One could argue that Human Machine Conversation (HMC) is now in a position like that of machine translation fifteen years ago: it is a real technology, coming into being in spite of scepticism, but with a huge gulf between busy practitioners getting on with the job, often within companies, and, on the other side, the researchers, in linguistics, artificial intelligence (AI) or whatever, whose papers fill the conferences. The rise of empirical linguistics has largely closed this gulf for machine translation and related arts, but not as yet, for HMC. First, let us set out historical trends in HMC, for if the HMC world is really as disparate as what follows it is hardly surprising there is so little consensus on how to progress.
The themes and approaches in this list are probably not wholly independent and may not be exhaustive. Notice that, thirty years after PARRY, no real form of (9) exists, and the corpora from which it might be done (for English at least) have only very recently come into existence. An interesting question right now, is whether (9) can be done in a principled way, as an alternative to PARRY-like systems built up over long periods by hand, or many of the other types of systems above with trivial vocabularies and virtually no functionality. This was exactly the opposition in machine translation for many years: with SYSTRAN's large hand-crafted functionality contrasted with a host of theoretical, published, acclaimed but non-functional systems. In Machine Translation, that opposition began to collapse with the arrival of IBM's statistical MT system about 1990. The possibility of a meaningful empirical pragmatics could do the same for HMC.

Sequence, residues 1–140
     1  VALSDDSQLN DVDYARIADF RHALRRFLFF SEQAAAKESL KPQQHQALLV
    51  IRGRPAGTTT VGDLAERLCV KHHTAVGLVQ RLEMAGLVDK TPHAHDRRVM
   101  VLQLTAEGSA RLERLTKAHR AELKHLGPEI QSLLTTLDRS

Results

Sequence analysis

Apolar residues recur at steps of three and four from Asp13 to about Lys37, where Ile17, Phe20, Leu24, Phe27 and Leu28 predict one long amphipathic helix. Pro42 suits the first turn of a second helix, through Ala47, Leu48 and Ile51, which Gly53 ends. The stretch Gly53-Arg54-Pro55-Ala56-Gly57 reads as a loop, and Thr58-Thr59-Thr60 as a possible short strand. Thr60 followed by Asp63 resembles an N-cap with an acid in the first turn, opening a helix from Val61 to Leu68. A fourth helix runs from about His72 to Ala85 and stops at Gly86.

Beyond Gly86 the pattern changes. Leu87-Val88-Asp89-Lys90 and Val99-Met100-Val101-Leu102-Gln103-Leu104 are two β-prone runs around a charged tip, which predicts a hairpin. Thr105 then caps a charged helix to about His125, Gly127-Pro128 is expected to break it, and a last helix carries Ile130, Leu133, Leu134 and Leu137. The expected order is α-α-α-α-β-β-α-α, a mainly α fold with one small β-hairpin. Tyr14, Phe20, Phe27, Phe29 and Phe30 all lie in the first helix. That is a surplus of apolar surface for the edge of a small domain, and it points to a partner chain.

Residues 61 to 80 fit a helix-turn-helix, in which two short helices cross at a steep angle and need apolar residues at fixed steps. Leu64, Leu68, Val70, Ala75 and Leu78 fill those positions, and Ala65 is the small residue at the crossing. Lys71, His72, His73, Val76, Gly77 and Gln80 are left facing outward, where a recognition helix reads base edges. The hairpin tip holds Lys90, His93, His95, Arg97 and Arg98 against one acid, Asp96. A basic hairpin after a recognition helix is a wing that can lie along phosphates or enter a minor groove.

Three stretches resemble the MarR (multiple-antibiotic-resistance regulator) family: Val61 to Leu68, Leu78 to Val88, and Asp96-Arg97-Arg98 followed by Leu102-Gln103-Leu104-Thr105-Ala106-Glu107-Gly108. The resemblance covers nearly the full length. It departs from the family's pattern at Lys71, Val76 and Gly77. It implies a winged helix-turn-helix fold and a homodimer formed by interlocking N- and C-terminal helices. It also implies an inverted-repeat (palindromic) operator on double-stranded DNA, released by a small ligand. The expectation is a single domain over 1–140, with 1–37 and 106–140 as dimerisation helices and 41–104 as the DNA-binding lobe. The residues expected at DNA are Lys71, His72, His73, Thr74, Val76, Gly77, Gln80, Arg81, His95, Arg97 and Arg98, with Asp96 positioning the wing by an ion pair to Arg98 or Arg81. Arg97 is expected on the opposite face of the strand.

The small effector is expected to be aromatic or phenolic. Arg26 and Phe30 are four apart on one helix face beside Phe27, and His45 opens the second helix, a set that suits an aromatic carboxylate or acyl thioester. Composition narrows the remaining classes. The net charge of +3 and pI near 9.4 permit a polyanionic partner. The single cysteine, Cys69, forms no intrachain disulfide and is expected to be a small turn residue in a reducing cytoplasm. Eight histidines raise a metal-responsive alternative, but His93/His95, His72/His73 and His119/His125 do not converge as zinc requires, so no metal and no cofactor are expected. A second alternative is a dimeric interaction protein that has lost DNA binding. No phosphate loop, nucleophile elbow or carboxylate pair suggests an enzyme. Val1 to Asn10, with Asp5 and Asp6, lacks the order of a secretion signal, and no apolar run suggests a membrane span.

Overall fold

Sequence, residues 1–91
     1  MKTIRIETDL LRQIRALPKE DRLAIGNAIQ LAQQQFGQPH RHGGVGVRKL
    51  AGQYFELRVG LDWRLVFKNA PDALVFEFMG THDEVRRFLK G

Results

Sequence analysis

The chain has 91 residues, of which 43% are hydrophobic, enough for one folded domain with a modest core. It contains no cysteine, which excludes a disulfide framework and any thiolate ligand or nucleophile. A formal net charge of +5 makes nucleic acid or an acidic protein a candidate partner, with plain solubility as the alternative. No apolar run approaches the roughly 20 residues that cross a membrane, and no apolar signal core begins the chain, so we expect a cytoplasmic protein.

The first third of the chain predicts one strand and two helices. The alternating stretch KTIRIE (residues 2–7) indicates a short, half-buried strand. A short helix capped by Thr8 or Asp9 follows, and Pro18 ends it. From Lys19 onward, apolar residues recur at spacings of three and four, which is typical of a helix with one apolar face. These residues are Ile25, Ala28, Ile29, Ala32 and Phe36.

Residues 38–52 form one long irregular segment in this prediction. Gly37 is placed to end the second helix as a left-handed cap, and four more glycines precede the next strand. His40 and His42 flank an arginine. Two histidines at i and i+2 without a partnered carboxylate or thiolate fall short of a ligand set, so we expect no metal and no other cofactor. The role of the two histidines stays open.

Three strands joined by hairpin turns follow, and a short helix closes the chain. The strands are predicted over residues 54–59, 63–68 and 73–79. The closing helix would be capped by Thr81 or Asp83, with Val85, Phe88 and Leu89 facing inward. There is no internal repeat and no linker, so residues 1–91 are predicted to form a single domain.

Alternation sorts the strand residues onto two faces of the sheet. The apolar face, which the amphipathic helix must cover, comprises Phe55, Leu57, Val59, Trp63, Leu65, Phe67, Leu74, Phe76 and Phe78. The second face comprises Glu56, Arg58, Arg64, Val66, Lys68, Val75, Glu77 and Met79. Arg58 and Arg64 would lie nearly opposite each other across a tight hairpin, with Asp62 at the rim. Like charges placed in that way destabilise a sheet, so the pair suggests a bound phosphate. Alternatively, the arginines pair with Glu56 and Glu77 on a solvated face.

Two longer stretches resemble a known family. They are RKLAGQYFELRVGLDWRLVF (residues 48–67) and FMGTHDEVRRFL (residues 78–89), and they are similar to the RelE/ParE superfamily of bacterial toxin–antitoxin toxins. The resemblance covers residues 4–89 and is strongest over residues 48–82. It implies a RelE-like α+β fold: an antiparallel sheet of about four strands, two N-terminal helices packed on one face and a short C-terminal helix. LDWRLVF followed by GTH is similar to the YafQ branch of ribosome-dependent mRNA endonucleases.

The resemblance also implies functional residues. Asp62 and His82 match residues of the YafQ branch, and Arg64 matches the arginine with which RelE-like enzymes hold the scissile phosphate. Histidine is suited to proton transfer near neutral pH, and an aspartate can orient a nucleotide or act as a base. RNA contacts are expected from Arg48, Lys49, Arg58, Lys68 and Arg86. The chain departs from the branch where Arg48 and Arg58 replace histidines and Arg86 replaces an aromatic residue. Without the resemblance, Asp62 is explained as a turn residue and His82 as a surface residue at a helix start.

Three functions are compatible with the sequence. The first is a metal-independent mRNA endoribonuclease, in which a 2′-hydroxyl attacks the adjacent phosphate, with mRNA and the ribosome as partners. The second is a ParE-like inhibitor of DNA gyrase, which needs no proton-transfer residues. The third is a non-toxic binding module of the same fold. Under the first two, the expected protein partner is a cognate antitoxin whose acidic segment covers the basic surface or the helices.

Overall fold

One additional point should be made here: we have said nothing of computer recognition (and production) of speech in dialogue systems. Speech research has pursued its own agenda, separate from written text, and all the above systems communicated via screen typing. The chief speech problem was always decoding the signals into words, rather than the content of dialogue as we have described it above-researchers tended to assume that speech could be solved separately and then a dialogue model of one of the following types just bolted on, as it were. This agenda for research has had obvious defects, especially in that speech phenomena like pauses, stress, pitch etc. convey meaning as well-but basically there has been agreement on all sides until now to separate out the speech and language issues so as to progress.